How Much Privacy Should You Give Your Kids?

Pensive teen girl sits near a window and looks at her laptop computer
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"Should I really be reading my daughter's posts? I hated it when my mother pried into my private life."

Many parents have expressed some variant of that sentiment — wondering if it's appropriate to keep such close tabs on their kids' personal lives. Whether it's monitoring a daughter's social media accounts or checking to see if there's anything problematic hidden in a son's bedroom, parents wrestle with the balance between wise, intentional parenting and respecting their child's blossoming independence.

Parents, of course, expect some privacy for themselves when they view websites or send a picture to a friend. They may wonder, Don't my kids have this same right to privacy?

Parental guidance

This question starts with recognizing the responsibility of parents. God has entrusted us with the care of our children, with the goal to teach them how to make good decisions in a world filled with so many opportunities for poor ones. For many years, that's a hands-on task, but as kids mature, parents transition to the role of mentors, guiding and advising teens through situations that require good judgment.

When our kids learn to drive, we're there beside them, helping them use the power wisely. When teens leave the house for a night, we're still acting as a guide, talking about where they are going, who they'll be with and how long they'll be gone. As they show themselves to be trustworthy with privileges, we slowly give them more trust and privacy.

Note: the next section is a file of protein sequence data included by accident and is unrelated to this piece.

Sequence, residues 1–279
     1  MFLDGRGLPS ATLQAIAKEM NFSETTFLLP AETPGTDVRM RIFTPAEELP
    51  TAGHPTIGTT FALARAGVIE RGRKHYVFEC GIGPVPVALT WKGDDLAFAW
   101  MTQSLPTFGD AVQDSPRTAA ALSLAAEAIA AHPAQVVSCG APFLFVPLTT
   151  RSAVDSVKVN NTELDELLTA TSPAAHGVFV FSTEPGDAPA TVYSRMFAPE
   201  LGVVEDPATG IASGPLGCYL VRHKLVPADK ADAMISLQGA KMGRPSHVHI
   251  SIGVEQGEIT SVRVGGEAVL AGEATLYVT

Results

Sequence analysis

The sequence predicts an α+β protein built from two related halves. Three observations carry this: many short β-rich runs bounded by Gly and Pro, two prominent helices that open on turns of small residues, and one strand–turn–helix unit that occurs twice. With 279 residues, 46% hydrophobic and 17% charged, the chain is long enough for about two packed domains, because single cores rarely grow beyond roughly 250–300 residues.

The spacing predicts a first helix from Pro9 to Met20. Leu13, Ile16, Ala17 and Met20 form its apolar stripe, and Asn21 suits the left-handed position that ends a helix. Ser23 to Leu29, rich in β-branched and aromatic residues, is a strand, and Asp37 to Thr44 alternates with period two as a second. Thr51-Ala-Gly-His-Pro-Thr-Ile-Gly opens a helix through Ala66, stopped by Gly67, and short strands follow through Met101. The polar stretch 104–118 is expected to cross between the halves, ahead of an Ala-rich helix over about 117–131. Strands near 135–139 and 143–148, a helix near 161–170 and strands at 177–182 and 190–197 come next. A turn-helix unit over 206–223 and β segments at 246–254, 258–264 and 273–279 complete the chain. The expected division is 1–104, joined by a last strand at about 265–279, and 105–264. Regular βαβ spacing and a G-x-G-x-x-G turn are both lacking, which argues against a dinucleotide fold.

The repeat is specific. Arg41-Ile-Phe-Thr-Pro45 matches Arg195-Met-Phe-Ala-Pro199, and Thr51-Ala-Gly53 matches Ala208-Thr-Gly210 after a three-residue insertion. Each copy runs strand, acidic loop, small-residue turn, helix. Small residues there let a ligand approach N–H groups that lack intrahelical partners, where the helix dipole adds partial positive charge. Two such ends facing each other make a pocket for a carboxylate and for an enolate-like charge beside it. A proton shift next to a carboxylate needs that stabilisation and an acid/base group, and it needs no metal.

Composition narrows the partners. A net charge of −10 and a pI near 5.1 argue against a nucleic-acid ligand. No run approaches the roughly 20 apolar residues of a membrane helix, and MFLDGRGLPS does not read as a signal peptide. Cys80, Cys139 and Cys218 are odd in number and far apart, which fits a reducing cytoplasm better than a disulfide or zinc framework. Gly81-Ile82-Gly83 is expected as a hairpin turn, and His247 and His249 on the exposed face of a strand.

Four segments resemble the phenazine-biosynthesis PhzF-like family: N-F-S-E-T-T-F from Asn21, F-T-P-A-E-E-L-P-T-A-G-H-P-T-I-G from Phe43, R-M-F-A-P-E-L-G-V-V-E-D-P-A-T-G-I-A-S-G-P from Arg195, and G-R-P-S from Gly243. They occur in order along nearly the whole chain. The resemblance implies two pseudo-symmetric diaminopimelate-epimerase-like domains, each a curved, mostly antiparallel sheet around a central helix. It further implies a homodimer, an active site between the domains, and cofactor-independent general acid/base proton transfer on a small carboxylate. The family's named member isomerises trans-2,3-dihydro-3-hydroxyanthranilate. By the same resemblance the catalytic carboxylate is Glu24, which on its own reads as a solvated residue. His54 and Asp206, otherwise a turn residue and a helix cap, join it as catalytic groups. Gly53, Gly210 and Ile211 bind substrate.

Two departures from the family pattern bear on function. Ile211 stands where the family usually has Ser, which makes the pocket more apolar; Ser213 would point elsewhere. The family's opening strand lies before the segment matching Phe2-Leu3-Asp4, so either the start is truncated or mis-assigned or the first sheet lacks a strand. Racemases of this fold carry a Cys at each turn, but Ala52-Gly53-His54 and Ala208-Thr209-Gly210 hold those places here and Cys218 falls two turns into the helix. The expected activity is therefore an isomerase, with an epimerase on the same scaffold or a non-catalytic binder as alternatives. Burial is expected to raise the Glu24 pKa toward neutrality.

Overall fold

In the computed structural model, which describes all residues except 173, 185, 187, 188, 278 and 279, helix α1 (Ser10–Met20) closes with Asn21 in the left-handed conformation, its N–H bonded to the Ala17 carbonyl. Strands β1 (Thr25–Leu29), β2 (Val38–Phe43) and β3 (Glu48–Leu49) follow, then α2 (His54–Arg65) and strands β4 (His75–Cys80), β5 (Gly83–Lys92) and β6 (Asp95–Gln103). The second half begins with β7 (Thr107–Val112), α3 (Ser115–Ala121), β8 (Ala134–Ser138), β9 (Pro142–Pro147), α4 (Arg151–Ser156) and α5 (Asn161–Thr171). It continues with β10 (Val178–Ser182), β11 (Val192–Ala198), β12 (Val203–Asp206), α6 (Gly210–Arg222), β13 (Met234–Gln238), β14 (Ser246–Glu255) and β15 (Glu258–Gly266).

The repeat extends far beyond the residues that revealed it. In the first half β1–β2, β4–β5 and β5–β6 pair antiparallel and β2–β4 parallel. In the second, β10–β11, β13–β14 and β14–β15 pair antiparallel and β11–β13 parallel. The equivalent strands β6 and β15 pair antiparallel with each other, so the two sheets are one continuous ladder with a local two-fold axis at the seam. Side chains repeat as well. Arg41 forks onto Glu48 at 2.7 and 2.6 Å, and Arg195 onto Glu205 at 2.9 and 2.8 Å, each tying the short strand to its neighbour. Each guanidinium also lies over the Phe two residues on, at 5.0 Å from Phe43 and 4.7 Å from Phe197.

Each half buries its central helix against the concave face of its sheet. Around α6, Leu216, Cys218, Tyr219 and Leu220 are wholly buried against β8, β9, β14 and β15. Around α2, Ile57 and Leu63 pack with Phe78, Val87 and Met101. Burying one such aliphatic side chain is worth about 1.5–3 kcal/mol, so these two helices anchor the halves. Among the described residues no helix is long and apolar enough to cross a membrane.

So, yes, wise parents should absolutely remain involved in their teens' decision-making. This includes a keen interest in their lives at school and on the field, the people they hang out with, how they spend their money. This also includes monitoring areas of life many kids think are off-limits, such as their communication over laptops and smartphones.

Communication

Technology today offers a level of privacy that can quickly get our kids into a lot of trouble. Wise, intentional parents walk with their kids in these areas so they can someday move on toward a healthy, independent use of technology.

As in other areas of parenting, this mentorship should include open, ongoing conversations. There may be disagreements, but through honest and respectful dialogue, we can help kids recognize that our involvement in their lives is done out of love and a concern for their well-being.

That's not a violation of rights. It's wise parenting.

Daniel Huerta is the vice president of Parenting and Youth at Focus on the Family.
This article first appeared in the April/May 2018 issue of Focus on the Family magazine. If you enjoyed this article, read more like it in Focus on the Family's marriage and parenting magazine. Get this publication delivered to your home by subscribing to it for a gift of any amount.
© 2018 Focus on the Family.

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